Human beings are natural storytellers. We tell stories in our minds all the time. Learning to recognise the difference between facts and stories is really helpful. When we get them confused we can cause ourselves and others a lot of heartache. Watch out for the word ‘because’. It’s often a helpful indicator that a story is about to begin.

More to follow. In the meantime, I’m curious…

What do you wish you’d known at 18?

Jólabókaflóð , anyone?

I love the idea of Jólabókaflóð. It’s an Icelandic tradition (roughly translated as ‘Yule book flood’), in which people give one another books on 24th December and then curl up in cosy places to read them whilst drinking hot chocolate or jólabland. The practice began during World War II; paper was one of the few commodities that wasn’t rationed, which meant that books became a popular gift choice.

I’d like to do a bit of Jólabókaflóðið-ing myself this year, so I’ve been thinking about the books I’d like to give (and, if lucky, receive).

As a big fan of physical books, I can’t help but notice that there are only so many one can physically accommodate and/or afford to buy. (Big sigh……..) As a result, I’ve been looking for ways to sift through the extraordinary number of books out there to decide which ones to choose. 

Here are a few of the resources I’m finding helpful:


Blinkist is an app and a website where you can get “key ideas from bestselling nonfiction distilled by experts into bitesize text and audio”. I use it to help me understand what a given book is about and whether or not it’s of interest. Sometimes just reading the ‘blinks’ is enough information. Often it inspires me to get the book itself and read it thoroughly. A useful selection tool. There’s a 7-day free trial available via the website if you’d like to try it out.


Scribd is a library of audiobooks, ebooks, magazines and documents. In return for a monthly subscription (similar to the cost of buying one new paperback a month) you can access unlimited books and articles. Great if you like to read widely and dip into lots of sources without having to buy them all. There’s a 30-day free trial available here if you’d like to find out more.

Ryan Holiday Reading List

I love this list. Each month, Ryan shares information about the best fiction and non-fiction books he’s read over the last few weeks. He covers a huge range of subjects and has switched me on to all sorts of gems over the last year or two. Free to subscribe – just follow this link.

Do Lectures: 100 Must-Read Books of 2018

Each year in Iceland, newly published books are listed in a catalogue that is sent to every household in the country in mid-November during the Reykjavik Book Fair. People use the catalogue to order books to give friends and family for Christmas. Not living in Iceland myself, I was grateful to come across this list from the lovely people at the Do Lectures. Would recommend a look.

Metaphor hunting

Whilst reading this week, I’ve noticed a trend emerging amongst authors whose work I admire. Being in the process of writing a book myself, I’m thinking it might be good to follow their example. Nothing like a good bandwagon to jump on, after all.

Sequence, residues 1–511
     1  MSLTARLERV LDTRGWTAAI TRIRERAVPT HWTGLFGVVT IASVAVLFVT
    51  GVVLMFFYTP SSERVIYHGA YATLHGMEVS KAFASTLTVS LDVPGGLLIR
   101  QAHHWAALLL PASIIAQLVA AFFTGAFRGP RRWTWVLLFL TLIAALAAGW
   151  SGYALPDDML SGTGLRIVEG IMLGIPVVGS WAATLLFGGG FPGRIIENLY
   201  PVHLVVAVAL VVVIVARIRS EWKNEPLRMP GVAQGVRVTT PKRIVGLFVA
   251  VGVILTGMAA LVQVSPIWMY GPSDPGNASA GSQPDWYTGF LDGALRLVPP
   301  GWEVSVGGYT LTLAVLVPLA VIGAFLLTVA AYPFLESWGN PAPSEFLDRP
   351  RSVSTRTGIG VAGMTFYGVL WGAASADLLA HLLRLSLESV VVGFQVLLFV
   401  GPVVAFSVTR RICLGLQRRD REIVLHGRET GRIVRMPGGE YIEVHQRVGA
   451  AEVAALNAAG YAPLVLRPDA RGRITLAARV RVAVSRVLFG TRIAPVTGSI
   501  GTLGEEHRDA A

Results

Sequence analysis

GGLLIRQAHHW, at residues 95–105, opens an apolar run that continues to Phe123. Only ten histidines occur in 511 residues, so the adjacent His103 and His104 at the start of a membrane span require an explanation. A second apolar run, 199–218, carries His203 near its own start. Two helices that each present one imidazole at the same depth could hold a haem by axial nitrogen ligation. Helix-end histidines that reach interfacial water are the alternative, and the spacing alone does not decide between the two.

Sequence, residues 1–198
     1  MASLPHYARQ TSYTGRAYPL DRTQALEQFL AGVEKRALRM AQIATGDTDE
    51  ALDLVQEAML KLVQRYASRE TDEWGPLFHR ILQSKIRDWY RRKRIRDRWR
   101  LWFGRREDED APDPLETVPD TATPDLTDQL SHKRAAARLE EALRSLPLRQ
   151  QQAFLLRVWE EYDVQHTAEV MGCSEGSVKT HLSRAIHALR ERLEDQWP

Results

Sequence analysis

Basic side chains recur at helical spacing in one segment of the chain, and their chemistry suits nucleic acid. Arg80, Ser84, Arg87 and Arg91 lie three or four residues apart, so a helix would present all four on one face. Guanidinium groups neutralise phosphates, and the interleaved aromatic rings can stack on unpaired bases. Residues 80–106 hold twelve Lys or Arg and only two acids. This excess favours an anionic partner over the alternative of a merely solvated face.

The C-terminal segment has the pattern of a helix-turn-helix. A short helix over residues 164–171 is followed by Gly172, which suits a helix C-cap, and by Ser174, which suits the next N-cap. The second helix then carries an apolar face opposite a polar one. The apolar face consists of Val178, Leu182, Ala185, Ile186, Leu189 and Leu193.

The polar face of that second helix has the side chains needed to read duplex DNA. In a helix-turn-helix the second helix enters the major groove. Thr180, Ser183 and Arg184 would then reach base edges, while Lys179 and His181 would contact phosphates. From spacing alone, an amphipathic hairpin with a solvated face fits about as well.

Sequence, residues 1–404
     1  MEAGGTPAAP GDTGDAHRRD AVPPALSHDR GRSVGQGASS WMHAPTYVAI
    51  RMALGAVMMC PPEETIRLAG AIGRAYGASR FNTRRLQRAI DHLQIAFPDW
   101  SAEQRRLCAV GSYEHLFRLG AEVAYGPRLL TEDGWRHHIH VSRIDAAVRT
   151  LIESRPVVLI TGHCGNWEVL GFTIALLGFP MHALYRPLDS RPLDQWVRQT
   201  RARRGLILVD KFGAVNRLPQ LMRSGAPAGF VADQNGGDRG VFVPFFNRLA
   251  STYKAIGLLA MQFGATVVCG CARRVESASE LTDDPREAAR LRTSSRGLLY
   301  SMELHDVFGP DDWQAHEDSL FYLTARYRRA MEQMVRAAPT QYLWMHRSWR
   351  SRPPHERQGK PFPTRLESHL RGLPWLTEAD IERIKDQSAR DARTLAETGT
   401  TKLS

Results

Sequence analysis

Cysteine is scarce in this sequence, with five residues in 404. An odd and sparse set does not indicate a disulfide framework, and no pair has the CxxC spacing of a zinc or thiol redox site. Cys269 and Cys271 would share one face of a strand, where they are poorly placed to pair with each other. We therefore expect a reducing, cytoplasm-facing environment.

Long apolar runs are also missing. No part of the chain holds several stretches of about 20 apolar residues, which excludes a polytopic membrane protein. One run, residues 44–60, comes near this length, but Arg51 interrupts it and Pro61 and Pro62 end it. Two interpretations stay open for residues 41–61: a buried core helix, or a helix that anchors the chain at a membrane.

I noticed the trend first in Atomic Habits: An easy and proven way to build good habits and break bad ones by James Clear. (It’s a great book on the subject of all things habit-related, by the way. Would recommend if you like that kind of thing.)

Early in the book, Clear talks about about the process of learning new behaviours – specifically the tendency for our progress not to follow a clear, predictable trajectory. He describes it as being like compound interest, in that the outcomes appear small at first but grow more dramatically the longer we continue. As a result of this slow start, there’s a bit near the beginning of the process where we may feel disheartened because the amount of effort we’re putting in doesn’t appear to be paying off. He describes this phase as the ‘Valley of Disappointment’.

“…habits often appear to make no difference until you cross a critical threshold and unlock a new level of performance. In the early and middle stages of any quest, there is often a Valley of Disappointment. You expect to make progress in a linear fashion and it’s frustrating how ineffective changes can seem during the first days, weeks, and even months. It doesn’t feel like you are going anywhere. It’s a hallmark of any compounding process: the most powerful outcomes are delayed.”

Then, whilst reading Moonwalking with Einstein: The art and science of remembering everything by Joshua Foer, I noticed another example.

Foer introduces the concept of the ‘OK plateau’:

“…the point we reach when we decide we’re good enough at a task, turn on autopilot, and stop improving.”

So I’m thinking – in order to be a proper non-fiction author, I should probably come up with a geographically-themed metaphor of my own. However, apart from a few bits about glaciation, I don’t remember a great deal from school. (Which is concerning on all sorts of levels, but that’s another discussion.)

Anyway, it’s ok. I’ve discovered the Wikipedia Glossary of geography terms page. It lists so many things I’ve never even heard of – cryoturbation, inselbergs and monadnocks, the pole of inaccessibility – it’s been a wonderful rabbit hole to explore. (Rabbit hole isn’t in the glossary, just in case you were wondering.)

So if in a week or two I mention that recording interviews for the new Adventures in Behaviour Change podcast has led me to a ‘hillock of delight’, please just bear with me. It might take a little while to get the hang of learning this stuff. Progress isn’t linear, after all.